To, or Not To

I have been musing on the innocuous looking little word <to>, not the preposition as in I’m going to Scotland, but the infinitive particle as in I want to eat that cake. This train of thought was prompted by a question from my friend JDL — a question I couldn’t answer — but I’ll return to that later.

Consider the skeleton dialogue:

A: Why did(n’t) you Y?
B: Because I Xed to Y.

where both X and Y are verbs. It is highly likely that Y will be deleted in B’s response. However, some X verbs require the word to to remain and others don’t. So, for example, A: Why did you eat it? B: Because I wanted to. Leaving out the to results in a distinctly odd-sounding utterance. However, if A says: Why didn’t you eat that cake? and B replies: Because I forgot to, leaving out the to is fine.

Why? It seems to me that this is a bit of a minefield for non-native learners of English. Furthermore, there are some horrible verbs like suggest, which don’t allow a TO + VERB complement. I suggest to go now is an example of a fairly frequent non-native learner error.

Back to JDL’s question. It is: are there any other languages like English which allow the construction exemplified by I wanted to?

11 thoughts on “To, or Not To

  1. This is what happens in Spanish:
    – “Porque quise hacerlo” [poɾke ˈkise aˈθeɾlo], literally = Because I wanted to do it.
    -“Porque quise” [poɾke ˈkise], literally = Because I wanted.
    BUT
    -“Porque olvidé hacerlo” [poɾke olβiˈðe aˈθeɾlo], literally = Because I forgot to do it.
    -“Porque lo olvidé” = Because I forgot it.
    The expression “Porque olvidé” (= Because I forgot) would sound un-Spanish.

  2. Emilio,

    Many thanks for that. It seems that there is a minefield for learners of Spanish too, but a different one from that in English.

  3. John, what d’you mean by ‘odd-sounding’ – syntactically odd or pragmatically odd? In my humble opinion B’s reply to the non-negative interrogative utterance is okay, but pragmatically it’s a snippy reply.

  4. Petr, are you saying that “Because I wanted to” is OK but pragmatically snippy, or that “Because I wanted” is — ditto — ? John’s reference to “a distinctly odd-sounding utterance” appears to me to refer to “Because I wanted”, which I definitely cannot class as “OK” within accepted British idiom.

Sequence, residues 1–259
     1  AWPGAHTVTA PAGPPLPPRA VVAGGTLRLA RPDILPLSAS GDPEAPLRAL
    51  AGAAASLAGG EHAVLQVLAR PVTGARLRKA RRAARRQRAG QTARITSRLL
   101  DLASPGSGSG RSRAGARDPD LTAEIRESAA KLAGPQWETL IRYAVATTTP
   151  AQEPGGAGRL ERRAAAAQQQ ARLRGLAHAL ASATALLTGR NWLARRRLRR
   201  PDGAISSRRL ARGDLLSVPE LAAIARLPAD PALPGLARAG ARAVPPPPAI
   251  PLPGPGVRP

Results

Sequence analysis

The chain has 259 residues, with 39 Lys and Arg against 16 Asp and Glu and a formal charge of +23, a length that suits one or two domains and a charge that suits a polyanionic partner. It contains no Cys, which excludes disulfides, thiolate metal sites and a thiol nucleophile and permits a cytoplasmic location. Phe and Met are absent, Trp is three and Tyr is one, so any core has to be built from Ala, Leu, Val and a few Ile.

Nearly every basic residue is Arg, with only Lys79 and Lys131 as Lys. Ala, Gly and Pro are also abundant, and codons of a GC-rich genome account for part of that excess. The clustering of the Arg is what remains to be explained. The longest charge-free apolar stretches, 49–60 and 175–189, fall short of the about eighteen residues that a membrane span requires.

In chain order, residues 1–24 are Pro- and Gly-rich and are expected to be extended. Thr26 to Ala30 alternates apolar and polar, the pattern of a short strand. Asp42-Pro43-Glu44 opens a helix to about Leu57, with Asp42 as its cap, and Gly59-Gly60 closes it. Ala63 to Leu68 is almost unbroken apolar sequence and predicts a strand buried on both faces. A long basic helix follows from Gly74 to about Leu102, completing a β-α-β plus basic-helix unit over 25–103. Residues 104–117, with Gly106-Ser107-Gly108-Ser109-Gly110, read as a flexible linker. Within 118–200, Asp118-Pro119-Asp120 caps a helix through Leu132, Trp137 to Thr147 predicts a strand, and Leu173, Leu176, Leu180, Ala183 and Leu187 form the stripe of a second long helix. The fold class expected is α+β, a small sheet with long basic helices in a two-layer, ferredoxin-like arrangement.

5. Petr, Philip,

    Yes, the “distinctly odd” referred to the reply: because I wanted. Maybe I should have said “wrong”, because wrong it is.

  6. Oh for the days of Bishop Lowth /et seq/, when an utterance could confidently be classified as “wrong”, with little or no chance of rebuttal. We have moved from proscriptive to prescriptive to descriptive, and these days I fear that no utterance can be classified as “wrong” without at least one modern descriptivist rushing to defend it as a valid example of “English as she is spoke” ☹

  7. Interesting issue!

    Now (Petr, correct me if I’m wrong), German usually demands “das” or “es”, similar to Spanish “lo”, which may be dropped colloquially if it’s at the beginning of a phrase: “(Das) hab(e) ich vergessen.”

    But modal verb can go without “das” in certain circumstances, which gives us the opposite of the English usage here:

    Because I wanted to – Weil ich (es) wollte.
    Because I forgot (to) Weil ich es vergessen hatte.

    (Of course, with an actual modal verb in English, there wouldn’t be a “to” in the first place.)

  8. 1.) A: Warum hast Du den Kuchen gegessen? – B: Weil ich (es) wollte.
    2.) A: Warum hast Du den Kuchen nicht gegessen? – B: Weil ich es/ihn vergessen hatte.

    The ‘es’ is optional for me, but my wife insists on deleting the ‘es’.

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